08 Mar Proclamations close striped bass season in CSMA
N.C. Division of Marine Fisheries Director Steve Murphey has issued proclamations that will closestriped bass season for commercial and recreational fishermen March 11 in the Central Southern Management Area, according to a DMF news release.
The CSMA encompasses all internal waters from just south of Oregon Inlet to the South Carolina line. The waters impacted include the Pamlico and Core Sounds and the Tar, Pamlico, Pungo, Bay, Neuse and White Oak Rivers and their tributaries.
Murphey did not, however, require all large mesh gill nets be removed from the affected waters. Instead, he ordered a year-round 36-inch tie-down and 50-yard distance from shore requirement that will take effect for gill nets in the western Pamlico Sound, including the Tar-Pamlico and Neuse Rivers and their tributaries, the release stated. This is already required when the commercial striped bass season is closed.
Research has shown that striped bass in the Central Southern Management Area are not a self-sustaining population and that fishermen are mainly catching hatchery-raised fish, the news release continued. Data suggest there have been two recent naturally-spawned year classes so the no-possession management measure offers additional protection for those non-hatchery fish and for larger females that could increase natural spawning stock biomass.
CCA NC Executive Director David Sneed said, “We supported the no-possession limit on stripers only if the Division would complete their conservation efforts by implementing a gill net restriction in the central region rivers.” Leaving gill nets in the water will certainly lead to some fish mortality when the goal should be to save as many striped bass in these two unusually large years classes, he added.
“The fact that we have gotten to the point in our fisheries management where we have to totally close harvest on a fishery to insure its survival is a testament to the sad state of affairs,” Sneed said. “Further disheartening is the Division’s refusal to address the problems caused by the large mesh gill net fishery.”
This minor commercial fishery is jeopardizing the future of a $2 billion recreational fishing industry yet the Division continues to manipulate data to support keeping this destructive gear in the water, Sneed added.
CCA NC applauds the Marine Fisheries Commission for recognizing the need to take the gill nets out of the central region rivers to protect the striped bass populations from further degradation, he continued. “We hope the MFC will continue to work with the Division to make it happen. This issue is not over.”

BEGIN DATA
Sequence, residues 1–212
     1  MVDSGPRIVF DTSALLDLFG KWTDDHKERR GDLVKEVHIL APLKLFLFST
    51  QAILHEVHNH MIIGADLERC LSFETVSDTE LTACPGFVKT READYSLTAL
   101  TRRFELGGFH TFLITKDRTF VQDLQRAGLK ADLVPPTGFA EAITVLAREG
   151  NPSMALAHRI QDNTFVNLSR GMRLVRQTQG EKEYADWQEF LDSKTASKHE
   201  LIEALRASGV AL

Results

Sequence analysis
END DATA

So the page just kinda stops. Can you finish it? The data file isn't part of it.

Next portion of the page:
The proclamations mean recreational anglers and commercial fishermen cannot possess any striped bass, essentially a year-round closure, in coastal waters managed by the N.C. Marine Fisheries Commission.
The recreational season will remain open until April 30 in joint fishing waters managed cooperatively between the MFC and the N.C. Wildlife Resources Commission with the following size and bag limits:
* 18-inch total length minimum size limit.
* No possession of fish between 22 inches and 27 inches total length.
* Two-fish per person, per day bag limit.
* The year-round recreational closed season in the Cape Fear River and its tributaries remains in place.
* Recreational catch-and-release of striped bass is still allowed in the coastal fishing waters. Recreational fishermen are encouraged to reduce catch-and-release discard mortality through use of non-offset circle hooks and limited handling of released fish, the DMF said. Additionally, recreational fishermen are reminded that recreational fishing mortality increases significantly when water temperatures are warm.
A no possession limit in coastal and joint fishing waters applies to all commercial operations and recreational commercial gear fishing, the release continued.
* The commercial striped bass season in these waters, currently closed, will not open.
* The year-round commercial closed season in the Cape Fear River and its tributaries remains in place.
The closure does not impact striped bass fishing in the Atlantic Ocean, Albemarle Sound Management Area, Roanoke River Management Area and inland waters under the sole jurisdiction of the N.C. Wildlife Resource Commission.
The regulatory changes partially implement Supplement A to Amendment 1 to the N. C. Estuarine Striped Bass Fishery Management Plan that was adopted by the Marine Fisheries Commission in February. The approved supplement contained a no possession measure for striped bass in both coastal and joint waters of the CSMA to be implemented for both commercial and recreational fisheries.
The Division of Marine Fisheries has delayed implementation of the no-possession measure for the recreational fishery in joint waters because the N.C. Wildlife Resources Commission has not adopted equivalent management measures in these waters.
The new management measures are meant to be temporary restrictions to protect naturally-spawned year classes of striped bass until Amendment 2 to the N. C. Estuarine Striped Bass Fishery Management Plan is adopted, DMF said. Amendment 2 could continue the no-possession provision or recommend other management actions.
Maps delineating coastal and joint waters for these areas can be found on the NCDNR website. For more specifics on the striped bass management changes in the Central Southern Management Area, including GIS coordinates and maps, see proclamations FF-4-2019and M-5-2019.